This article was written by Afroféminas on December 12, 2023. An edited version is republished on Global Voices as part of a content-sharing agreement.
On November 24, 2023, Creuza Oliveira, historical leader of the Brazilian and Latin American domestic workers movement, obtained the maximum recognition for her vast career of achievements by being granted an honorary doctorate by the Federal University of Bahia (UFBA), Brazil, becoming the first union leader of her category to receive this title.
In a statement, the International Domestic Workers Federation, a global organization that works to advance the rights of domestic workers, a category with 76 million people, of which 76 percent are women, said that the title of Oliveira marks a before and after for the movement itself.
The federation says:
Oliveira le demuestra al mundo entero que las trabajadoras del hogar ya no son sólo objeto de estudio para el ámbito académico, sino también productoras de conocimiento. El trabajo doméstico a menudo se caracteriza por condiciones de trabajo inseguras y abusivas, salarios bajos (o inexistentes), jornadas extremadamente largas, ausencia de días de descanso o vacaciones, y falta de beneficios y protección social.
Oliveira shows the entire world that domestic workers are no longer only an object of study for the academic field, but also producers of knowledge. Domestic work is often characterized by unsafe and abusive working conditions, low (or non-existent) wages, extremely long hours, no days of rest or vacation, and lack of benefits and social protection.
In her presentation speech, Creuza Oliveira explained:
el ámbito académico siempre estuvo lejos del pueblo y de las clases menos favorecidas. Fue recién a partir de la Ley de Cuotas (2012) que los hijos e hijas de las trabajadoras del hogar y de la población indígena y negra pudieron acceder a la universidad en Brasil. Este título les abrirá las puertas a más personas. Es una victoria muy importante para nuestra lucha y nuestra historia.
The academic field has always been isolated from the working classes. It was only after the Quota Law (2012) that the sons and daughters of domestic workers and the Indigenous and Black population were able to access university education in Brazil. This title will open doors to more people. It is a very important victory for our struggle and our history.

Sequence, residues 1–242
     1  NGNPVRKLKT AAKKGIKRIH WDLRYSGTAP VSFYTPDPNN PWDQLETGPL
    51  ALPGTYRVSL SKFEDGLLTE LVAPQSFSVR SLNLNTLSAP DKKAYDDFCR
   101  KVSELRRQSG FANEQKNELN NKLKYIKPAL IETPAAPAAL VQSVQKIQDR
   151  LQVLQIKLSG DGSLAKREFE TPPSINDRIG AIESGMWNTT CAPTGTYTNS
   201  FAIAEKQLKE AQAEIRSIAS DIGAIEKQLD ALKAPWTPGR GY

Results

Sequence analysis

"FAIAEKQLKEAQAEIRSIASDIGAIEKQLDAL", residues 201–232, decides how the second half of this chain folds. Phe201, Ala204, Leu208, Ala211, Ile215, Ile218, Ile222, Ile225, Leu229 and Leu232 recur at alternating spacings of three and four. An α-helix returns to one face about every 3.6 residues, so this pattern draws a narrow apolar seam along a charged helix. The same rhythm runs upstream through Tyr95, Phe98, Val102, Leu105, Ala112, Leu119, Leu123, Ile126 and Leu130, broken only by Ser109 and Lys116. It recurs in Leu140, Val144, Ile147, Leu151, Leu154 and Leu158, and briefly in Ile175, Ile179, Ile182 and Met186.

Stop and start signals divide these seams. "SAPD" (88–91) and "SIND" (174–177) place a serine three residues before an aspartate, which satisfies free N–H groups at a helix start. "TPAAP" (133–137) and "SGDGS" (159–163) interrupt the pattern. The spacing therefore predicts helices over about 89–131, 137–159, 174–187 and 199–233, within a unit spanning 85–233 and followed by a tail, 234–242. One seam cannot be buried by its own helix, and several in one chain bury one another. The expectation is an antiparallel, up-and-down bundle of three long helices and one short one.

The words of Professor Elisabete Pinto, representative of the UFBA Institute of Psychology and promoter of the initiative, make it clear why this diploma marks a milestone for the movement of domestic workers.
Creuza Oliveira es una intelectual orgánica que logró organizar a las mujeres negras de todo Brasil en torno a la cuestión laboral. Pocos doctores consiguen que el conocimiento que producen en la universidad tenga un impacto social y pueda transformar vidas. Creuza tiene un doctorado porque ha logrado conquistar los derechos humanos de las trabajadoras domésticas, y la UFBA entiende la importancia de su lucha.
Creuza Oliveira is an organic intellectual who managed to organize Black women throughout Brazil around the labor issue. Few doctors ensure that the knowledge they produce at the university has a social impact and can transform lives. Creuza has a doctorate because she has managed to lead the human rights of domestic workers, and the UFBA understands the importance of their struggle.
Bahia state representative Olívia Santana emphasized:
Creuza es una referencia práctica en la construcción de conocimientos sobre las trabajadoras domésticas, denunciando la súper explotación de esta fuerza laboral, rompiendo los límites del cuartito del fondo de las grandes estancias coloniales, proyectando su voz hacia la organización y la lucha de las mujeres negras, la defensa de las trabajadoras domésticas y la conquista de derechos laborales.
Creuza is a practical reference in the construction of knowledge about domestic workers, denouncing the exploitation of this workforce, breaking the limits of the back room of the large colonial rooms, projecting its voice towards the organization and struggle of black women, the defense of domestic workers and the achievement of labor rights.
A life of activism and social commitment